South Africans win ruling against steel polluter

| September 24, 2013

(GIN)—A major steel producer has been ordered to turn over documents about the environmental impact of its two South African facilities which activists say poisoned the air and water as well as left a trail of hazardous waste.

Activists alleged that water from ten unlined waste ponds seeped into the groundwater and polluted their wells. As a result their crops failed, animals died, and nobody would buy their land.

David Soggott, the lawyer for the Vaal Environmental Justice Alliance or VEJA, described the waste ponds as “lakes of poison.”

For years, communities living in the shadow of the plants in the Vaal Triangle, an area of heavy industry and mining in southern Gauteng province, have complained of water pollution. In 2004, they banded together to create VEJA.

Their requests to ArcelorMittal South Africa or AMSA, for documents on the illegal dumping, were ignored.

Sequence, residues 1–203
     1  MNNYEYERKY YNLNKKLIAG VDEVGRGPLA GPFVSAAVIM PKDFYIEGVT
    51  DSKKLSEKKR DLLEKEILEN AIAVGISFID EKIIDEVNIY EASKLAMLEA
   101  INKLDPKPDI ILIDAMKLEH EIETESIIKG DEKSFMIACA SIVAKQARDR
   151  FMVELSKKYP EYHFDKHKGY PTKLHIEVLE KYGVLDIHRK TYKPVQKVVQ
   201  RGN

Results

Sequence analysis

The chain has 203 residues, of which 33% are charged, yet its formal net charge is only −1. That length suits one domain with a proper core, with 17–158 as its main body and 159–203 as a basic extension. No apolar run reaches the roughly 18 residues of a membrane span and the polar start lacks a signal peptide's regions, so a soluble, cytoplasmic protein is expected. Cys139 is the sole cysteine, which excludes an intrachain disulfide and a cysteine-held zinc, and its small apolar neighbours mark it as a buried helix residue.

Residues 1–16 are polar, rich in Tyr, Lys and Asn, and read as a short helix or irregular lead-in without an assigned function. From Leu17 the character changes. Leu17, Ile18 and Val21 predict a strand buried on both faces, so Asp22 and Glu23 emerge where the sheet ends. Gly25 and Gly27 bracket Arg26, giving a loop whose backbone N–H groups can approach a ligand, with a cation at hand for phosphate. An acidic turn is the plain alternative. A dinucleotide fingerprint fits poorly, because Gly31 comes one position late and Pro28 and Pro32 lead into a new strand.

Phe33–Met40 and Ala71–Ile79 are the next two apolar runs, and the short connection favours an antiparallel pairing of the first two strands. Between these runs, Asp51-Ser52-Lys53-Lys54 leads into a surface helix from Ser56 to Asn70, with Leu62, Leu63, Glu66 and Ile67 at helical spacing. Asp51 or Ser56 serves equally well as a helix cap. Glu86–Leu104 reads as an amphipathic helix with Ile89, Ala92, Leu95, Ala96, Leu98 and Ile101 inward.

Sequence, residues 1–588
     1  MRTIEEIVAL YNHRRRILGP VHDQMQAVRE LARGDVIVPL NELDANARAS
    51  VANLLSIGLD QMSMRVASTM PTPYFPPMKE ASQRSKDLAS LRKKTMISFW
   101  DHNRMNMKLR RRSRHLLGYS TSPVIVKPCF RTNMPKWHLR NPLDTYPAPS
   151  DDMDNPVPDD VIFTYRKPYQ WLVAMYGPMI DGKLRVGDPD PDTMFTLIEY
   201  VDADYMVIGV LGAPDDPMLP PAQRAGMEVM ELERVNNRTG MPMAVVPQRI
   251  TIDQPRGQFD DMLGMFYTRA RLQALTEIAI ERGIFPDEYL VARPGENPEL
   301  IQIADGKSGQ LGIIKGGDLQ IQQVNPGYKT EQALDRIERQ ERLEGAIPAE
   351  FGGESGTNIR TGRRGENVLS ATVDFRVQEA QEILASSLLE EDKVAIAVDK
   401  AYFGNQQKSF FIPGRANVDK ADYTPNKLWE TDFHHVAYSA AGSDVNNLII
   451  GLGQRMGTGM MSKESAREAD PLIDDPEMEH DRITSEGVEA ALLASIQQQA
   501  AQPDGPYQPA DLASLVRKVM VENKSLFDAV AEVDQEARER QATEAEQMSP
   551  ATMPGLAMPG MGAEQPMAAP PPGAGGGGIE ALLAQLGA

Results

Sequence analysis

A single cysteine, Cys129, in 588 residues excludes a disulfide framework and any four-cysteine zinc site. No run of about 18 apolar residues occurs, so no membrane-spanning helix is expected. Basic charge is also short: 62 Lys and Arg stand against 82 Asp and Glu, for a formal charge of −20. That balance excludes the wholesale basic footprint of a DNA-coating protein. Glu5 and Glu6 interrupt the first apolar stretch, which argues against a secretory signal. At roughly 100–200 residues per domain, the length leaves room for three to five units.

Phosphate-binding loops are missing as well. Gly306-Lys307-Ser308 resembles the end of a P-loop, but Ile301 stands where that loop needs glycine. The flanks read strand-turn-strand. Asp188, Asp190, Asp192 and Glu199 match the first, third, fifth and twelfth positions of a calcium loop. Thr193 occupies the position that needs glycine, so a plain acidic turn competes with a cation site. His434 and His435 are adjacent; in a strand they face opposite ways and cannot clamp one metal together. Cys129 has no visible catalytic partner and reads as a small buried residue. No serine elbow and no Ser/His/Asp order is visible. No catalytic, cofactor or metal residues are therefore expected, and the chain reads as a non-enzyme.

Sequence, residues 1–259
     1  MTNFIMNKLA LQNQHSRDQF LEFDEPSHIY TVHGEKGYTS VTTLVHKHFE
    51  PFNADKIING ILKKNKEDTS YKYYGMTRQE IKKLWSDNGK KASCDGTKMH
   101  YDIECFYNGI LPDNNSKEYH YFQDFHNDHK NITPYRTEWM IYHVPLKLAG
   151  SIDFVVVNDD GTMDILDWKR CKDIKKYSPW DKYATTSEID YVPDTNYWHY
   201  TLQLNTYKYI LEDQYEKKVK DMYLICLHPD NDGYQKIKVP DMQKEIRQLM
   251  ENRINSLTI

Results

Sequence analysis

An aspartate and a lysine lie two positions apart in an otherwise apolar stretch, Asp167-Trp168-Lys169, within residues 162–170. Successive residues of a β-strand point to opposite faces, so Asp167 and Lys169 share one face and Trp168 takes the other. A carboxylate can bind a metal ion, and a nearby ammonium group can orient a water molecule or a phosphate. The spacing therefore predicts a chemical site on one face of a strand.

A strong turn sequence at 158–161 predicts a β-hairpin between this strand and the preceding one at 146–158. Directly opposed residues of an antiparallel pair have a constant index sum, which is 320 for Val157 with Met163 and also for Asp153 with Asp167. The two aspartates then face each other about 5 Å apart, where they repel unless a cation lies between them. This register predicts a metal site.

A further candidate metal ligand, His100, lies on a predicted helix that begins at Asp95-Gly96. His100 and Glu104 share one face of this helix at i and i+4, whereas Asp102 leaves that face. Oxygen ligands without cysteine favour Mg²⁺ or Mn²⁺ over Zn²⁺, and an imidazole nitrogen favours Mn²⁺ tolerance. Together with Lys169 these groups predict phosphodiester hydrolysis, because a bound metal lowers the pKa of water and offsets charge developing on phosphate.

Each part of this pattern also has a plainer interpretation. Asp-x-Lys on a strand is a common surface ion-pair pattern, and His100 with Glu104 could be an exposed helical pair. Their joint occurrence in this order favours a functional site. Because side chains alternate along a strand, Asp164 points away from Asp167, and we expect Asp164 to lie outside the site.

“It is our constitutional right to be aware of the activities of AMSA to be able to know how they are impacting on our health and environment,” said Samson Mokoena, Coordinator at the VEJA. “As communities, we are failing to understand that if such a company is claiming to be responsible, why it would not want to share its plans with us.”

Recently, a Johannesburg high court judge agreed and ruled the company must turn over its documents.

VEJA’s lawyers applauded the decision.

“The court has confirmed that organizations like VEJA are entitled to protect and exercise the right to a healthy environment by seeking information to enable them to assess environmental impacts, and to exercise a watchdog role,” said Robyn Hugo, an attorney at the Centre for Environmental Rights, a non-profit law clinic based in Cape Town, South Africa.

The company has yet to confirm that it will comply. Themba Hlengani, a ArcelorMittal South Africa spokesman, told Business Day that the company was studying the judgment and “will be consulting with our legal team on the appropriate course of action.”

Investigative reporter Richard Smallteacher researched the South Africa story for CorpWatch, a non-profit which promotes human, environmental, social and worker rights by holding corporations accountable for their actions.

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